When he finished the story and Too-loose had a name, Stewart began work on the book illustrations. The original painting, like all of his paintings, had been the result of hundreds of sketches, and a similar flurry of work went into the book design. In the process, Too-loose took to walking upright, unlike the cover image, and his proportions changed. His eyes are the most obvious change. Too-loose became cuter, with a somewhat younger appearance and an impish, carefree grin.

At this point he had definitely become a character, and after the book was published, Too-loose plush toys were marketed by Dakin.

Two stuffed toys by Dakin of Too-Loose the Chocolate Moose

Two Too-looses made by Dakin. The larger one was first in 1983, the smaller one is from 1984.

Too-loose appeared in the 1985 movie The Adventures of the American Rabbit alongside a cast of Moskowitz creations. The baby version of Too-loose had been refined and re-proportioned in that time, and he appears in the movie contemporaneously with the older Too-loose as his father. Though Stewart himself intended the young and older versions to be the same moose, they also appeared together in a book released shortly after the movie, The American Rabbit in the Case of the Missing Moose. Neither this book or the movie was written by Stewart. The Case of the Missing Moose was produced without his supervision, while his involvement in the feature film was mostly limited to designing the characters' model sheets.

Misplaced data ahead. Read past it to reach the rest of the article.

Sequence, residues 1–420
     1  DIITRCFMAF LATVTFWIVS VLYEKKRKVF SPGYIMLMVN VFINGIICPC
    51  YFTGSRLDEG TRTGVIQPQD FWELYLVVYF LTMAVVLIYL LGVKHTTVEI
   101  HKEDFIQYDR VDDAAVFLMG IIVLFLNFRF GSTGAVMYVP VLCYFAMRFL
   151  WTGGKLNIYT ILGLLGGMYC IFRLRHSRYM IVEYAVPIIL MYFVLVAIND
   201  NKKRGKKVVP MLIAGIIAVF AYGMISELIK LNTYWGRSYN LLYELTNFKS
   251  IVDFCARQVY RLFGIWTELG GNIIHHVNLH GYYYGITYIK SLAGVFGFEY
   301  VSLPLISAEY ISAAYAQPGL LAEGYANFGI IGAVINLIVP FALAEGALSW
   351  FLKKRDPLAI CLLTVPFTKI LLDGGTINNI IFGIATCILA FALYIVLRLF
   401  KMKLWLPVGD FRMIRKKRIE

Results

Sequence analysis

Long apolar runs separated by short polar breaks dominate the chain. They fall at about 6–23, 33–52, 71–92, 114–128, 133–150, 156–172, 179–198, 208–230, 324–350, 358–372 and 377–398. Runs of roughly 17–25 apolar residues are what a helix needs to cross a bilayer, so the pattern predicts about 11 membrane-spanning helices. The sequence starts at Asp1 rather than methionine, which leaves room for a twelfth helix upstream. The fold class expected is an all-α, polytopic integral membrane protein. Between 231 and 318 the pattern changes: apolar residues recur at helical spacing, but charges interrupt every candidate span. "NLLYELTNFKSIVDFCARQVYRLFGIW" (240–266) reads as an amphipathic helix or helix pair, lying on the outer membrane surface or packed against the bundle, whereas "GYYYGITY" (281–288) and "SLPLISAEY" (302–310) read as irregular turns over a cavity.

In the movie, neither moose is dripping or leaving chocolate footprints. They are simply driving a truck loaded with chocolate, though it is eventually stated that they are themselves made of chocolate. In The Missing Moose book, the elder moose drips chocolate and junior does not, and the difficulty of dealing with solid chocolate characters is evident, especially when they're continuously dripping. Such highly fanciful material is difficult to script, and the inclusion of villains (in both productions they are kidnappers obsessed with chocolate) pushed both of these stories outside of what might be called a true Moskowitz universe. The villainous bird and alligator in Missing Moose were designed by Stewart but never intended to be evildoers. The movie's cast was designed by Stewart, but the villains were drawn reluctantly. "I didn't enjoy drawing mean characters," he recalls. "It's just not what I do. I did have some limited influence on the script; at one point they were going to have The American Rabbit flying up into the sky with one of the bad guys and threatening to drop him, and I said that can't be in there. And they didn't do it."